Read the rest of the story here.

Eastern Michigan almost done with Pease Auditorium restoration

Eastern Michigan University is finishing off work on one of the university's landmark structures.

Excerpt:

The most visible signs that work is wrapping up on the renovation of Eastern Michigan University's Pease Auditorium can be on seen on the building's exterior.

Workers are putting the finishing touches on the landscaping around the building, including the creation of a small park at the corner of College Place and West Cross Street. The improved surrounding green space is meant to complement the $2.2 million restoration of the 94 year-old building.

"This is pretty much the icing on the cake," says Ward Mullens, a spokesman for Eastern Michigan University.

Read the rest of the story here.

Local activists get approval to install solar panels on Ypsilanti City Hall

The sun will soon have a new place to shine (and create energy) in downtown Ypsilanti.

Excerpt:

A group of local environmental activists are gearing up to put a modern twist on Ypsilanti's historic City Hall.

The final approval for the solar panel project is in now that the cityís Historic District Commission gave the green light last night. The group plans to start putting the solar panels on the backside of the City Hall next year.

"Our next step is to request bids," says Dave Strenski, volunteer with the Ypsilanti Solar Panel Project.

Read the rest of the story here.

Aerotropolis bills look to spur development around Metro Airport

Metro Airport has it a bit backwards. Usually good policies lead to infrastructure investment, which attracts business. Metro Airport already had the businesses there when it built the new terminals, and now it's going for the right state policies to lure even more companies.

A series of bills aimed at providing huge economic incentives for building out the Aerotropolis have been introduced into the state House of Representatives. The bills are the product of a joint venture from Detroit Renaissance, Wayne County and Washtenaw County.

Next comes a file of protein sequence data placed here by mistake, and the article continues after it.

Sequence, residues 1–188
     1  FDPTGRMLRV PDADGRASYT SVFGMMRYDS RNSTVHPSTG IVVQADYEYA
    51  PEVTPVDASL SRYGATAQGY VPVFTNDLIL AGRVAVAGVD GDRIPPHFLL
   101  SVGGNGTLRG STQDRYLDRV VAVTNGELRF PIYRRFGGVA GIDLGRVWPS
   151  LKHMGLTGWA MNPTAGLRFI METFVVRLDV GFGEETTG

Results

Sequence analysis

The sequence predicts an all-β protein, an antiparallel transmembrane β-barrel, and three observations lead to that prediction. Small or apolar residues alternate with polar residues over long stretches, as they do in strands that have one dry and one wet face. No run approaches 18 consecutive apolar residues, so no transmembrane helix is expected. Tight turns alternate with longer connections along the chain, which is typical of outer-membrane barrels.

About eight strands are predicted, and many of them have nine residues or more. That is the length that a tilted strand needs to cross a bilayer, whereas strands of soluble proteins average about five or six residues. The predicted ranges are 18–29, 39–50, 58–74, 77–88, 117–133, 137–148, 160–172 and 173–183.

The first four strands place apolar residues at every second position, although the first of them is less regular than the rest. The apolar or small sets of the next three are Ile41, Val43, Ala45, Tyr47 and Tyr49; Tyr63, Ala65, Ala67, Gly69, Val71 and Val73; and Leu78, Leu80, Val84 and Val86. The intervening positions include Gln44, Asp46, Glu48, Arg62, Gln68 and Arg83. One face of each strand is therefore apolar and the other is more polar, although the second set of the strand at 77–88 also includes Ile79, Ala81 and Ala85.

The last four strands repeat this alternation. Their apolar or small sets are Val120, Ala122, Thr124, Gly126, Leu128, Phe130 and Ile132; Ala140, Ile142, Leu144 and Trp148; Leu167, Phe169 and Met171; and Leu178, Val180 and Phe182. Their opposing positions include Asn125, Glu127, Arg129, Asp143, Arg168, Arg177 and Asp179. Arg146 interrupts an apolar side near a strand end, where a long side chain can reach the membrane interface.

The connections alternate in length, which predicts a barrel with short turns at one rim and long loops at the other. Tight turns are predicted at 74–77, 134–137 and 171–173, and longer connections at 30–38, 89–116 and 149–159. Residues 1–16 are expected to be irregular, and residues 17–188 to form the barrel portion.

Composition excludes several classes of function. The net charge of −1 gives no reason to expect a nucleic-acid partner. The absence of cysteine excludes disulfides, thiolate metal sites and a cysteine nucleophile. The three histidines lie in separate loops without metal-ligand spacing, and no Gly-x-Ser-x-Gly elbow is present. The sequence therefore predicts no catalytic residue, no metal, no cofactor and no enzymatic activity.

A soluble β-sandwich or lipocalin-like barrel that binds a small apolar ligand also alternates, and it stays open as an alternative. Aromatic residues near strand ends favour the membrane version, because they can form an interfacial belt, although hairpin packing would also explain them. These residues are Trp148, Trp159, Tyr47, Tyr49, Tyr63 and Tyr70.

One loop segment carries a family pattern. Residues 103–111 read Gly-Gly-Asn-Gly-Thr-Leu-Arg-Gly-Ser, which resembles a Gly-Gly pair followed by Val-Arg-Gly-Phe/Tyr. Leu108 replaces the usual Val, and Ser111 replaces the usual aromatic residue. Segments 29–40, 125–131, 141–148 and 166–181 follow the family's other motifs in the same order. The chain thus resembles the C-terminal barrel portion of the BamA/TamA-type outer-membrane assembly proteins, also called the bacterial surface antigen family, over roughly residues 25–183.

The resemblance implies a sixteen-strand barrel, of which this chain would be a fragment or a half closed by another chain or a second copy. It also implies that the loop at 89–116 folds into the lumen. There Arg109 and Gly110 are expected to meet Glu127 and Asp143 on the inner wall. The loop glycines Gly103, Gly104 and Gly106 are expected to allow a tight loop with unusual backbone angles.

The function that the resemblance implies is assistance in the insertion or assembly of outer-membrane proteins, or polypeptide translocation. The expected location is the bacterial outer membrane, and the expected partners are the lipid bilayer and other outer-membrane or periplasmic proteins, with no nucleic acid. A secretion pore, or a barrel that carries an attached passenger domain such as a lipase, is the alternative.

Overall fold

The bills would deploy economic development incentives, such as Renaissance Zone tax abatements, MEGA tax credits, tax increment districts and other property tax abatement tools. The idea is these incentives will help spur $10 billion in additional economic activity while creating up to 60,000 new jobs within the next 10-15 years.

The incentives would be managed by the Aerotropolis Development Corporation, which is controlled by local government institutions. These include, the Wayne County Airport Authority, the counties of Wayne and Washtenaw, the cities of Belleville, Romulus, Taylor and Ypsilanti and the townships of Huron, Van Buren and Ypsilanti.

Source: Detroit Renaissance
Writer: Jon Zemke

Ann Arbor SPARK chooses new home in downtown Ypsilanti

The old Mack & Mack building in downtown Ypsilanti is about to become the new home for Ann Arbor SPARK's east satellite office.

Excerpt:

Take two! Ann Arbor SPARK's East Incubator is getting off to a fast start now that the start-up business incubator has chosen the Mack & Mack building in downtown Ypsilanti.

SPARK originally chose an old Smith Furniture store on Washington Street for its Ypsilanti satellite office earlier this summer, but that deal fell through. That led to the switch to the Mack & Mack, 211-215 W. Michigan Ave. next door to Bombadill's Cafe, and its 8,300 square feet of space.

"The location is ideal," says Elizabeth Parkinson, director of marketing and public relations for SPARK. "There is some parking and its space we think we can fill quickly with tenants."

Read the rest of the story here.

Ypsilanti's biz districts prove too attractive for former Ann Arbor businesses